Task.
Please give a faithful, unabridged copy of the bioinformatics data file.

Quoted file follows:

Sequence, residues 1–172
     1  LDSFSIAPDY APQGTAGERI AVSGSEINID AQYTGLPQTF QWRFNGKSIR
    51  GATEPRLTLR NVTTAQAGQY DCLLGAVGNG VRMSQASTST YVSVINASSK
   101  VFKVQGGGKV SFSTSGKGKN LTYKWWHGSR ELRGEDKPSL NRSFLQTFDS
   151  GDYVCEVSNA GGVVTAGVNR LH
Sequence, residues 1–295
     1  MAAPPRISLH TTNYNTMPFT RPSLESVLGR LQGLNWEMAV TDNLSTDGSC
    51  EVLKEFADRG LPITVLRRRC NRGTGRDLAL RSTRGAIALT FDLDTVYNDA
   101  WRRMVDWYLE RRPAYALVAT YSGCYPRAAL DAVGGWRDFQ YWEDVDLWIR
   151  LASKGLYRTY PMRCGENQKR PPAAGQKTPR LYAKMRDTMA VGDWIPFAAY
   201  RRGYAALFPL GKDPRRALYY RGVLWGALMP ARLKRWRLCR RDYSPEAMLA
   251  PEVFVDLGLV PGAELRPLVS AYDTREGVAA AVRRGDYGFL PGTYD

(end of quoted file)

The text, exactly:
Sequence, residues 1–172
     1  LDSFSIAPDY APQGTAGERI AVSGSEINID AQYTGLPQTF QWRFNGKSIR
    51  GATEPRLTLR NVTTAQAGQY DCLLGAVGNG VRMSQASTST YVSVINASSK
   101  VFKVQGGGKV SFSTSGKGKN LTYKWWHGSR ELRGEDKPSL NRSFLQTFDS
   151  GDYVCEVSNA GGVVTAGVNR LH
Sequence, residues 1–295
     1  MAAPPRISLH TTNYNTMPFT RPSLESVLGR LQGLNWEMAV TDNLSTDGSC
    51  EVLKEFADRG LPITVLRRRC NRGTGRDLAL RSTRGAIALT FDLDTVYNDA
   101  WRRMVDWYLE RRPAYALVAT YSGCYPRAAL DAVGGWRDFQ YWEDVDLWIR
   151  LASKGLYRTY PMRCGENQKR PPAAGQKTPR LYAKMRDTMA VGDWIPFAAY
   201  RRGYAALFPL GKDPRRALYY RGVLWGALMP ARLKRWRLCR RDYSPEAMLA
   251  PEVFVDLGLV PGAELRPLVS AYDTREGVAA AVRRGDYGFL PGTYD